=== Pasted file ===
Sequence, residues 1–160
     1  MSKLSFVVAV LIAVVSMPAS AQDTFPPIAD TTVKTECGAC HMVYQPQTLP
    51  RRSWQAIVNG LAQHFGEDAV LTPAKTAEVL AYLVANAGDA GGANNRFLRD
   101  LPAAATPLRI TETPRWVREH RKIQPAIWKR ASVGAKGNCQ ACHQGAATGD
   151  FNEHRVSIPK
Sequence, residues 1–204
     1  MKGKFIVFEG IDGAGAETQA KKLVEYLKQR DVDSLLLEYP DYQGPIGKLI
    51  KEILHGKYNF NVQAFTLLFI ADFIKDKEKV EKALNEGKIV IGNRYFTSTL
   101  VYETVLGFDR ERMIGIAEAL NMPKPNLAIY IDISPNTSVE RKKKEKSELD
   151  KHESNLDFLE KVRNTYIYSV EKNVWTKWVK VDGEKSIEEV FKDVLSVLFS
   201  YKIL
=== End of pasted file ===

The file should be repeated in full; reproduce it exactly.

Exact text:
Sequence, residues 1–160
     1  MSKLSFVVAV LIAVVSMPAS AQDTFPPIAD TTVKTECGAC HMVYQPQTLP
    51  RRSWQAIVNG LAQHFGEDAV LTPAKTAEVL AYLVANAGDA GGANNRFLRD
   101  LPAAATPLRI TETPRWVREH RKIQPAIWKR ASVGAKGNCQ ACHQGAATGD
   151  FNEHRVSIPK
Sequence, residues 1–204
     1  MKGKFIVFEG IDGAGAETQA KKLVEYLKQR DVDSLLLEYP DYQGPIGKLI
    51  KEILHGKYNF NVQAFTLLFI ADFIKDKEKV EKALNEGKIV IGNRYFTSTL
   101  VYETVLGFDR ERMIGIAEAL NMPKPNLAIY IDISPNTSVE RKKKEKSELD
   151  KHESNLDFLE KVRNTYIYSV EKNVWTKWVK VDGEKSIEEV FKDVLSVLFS
   201  YKIL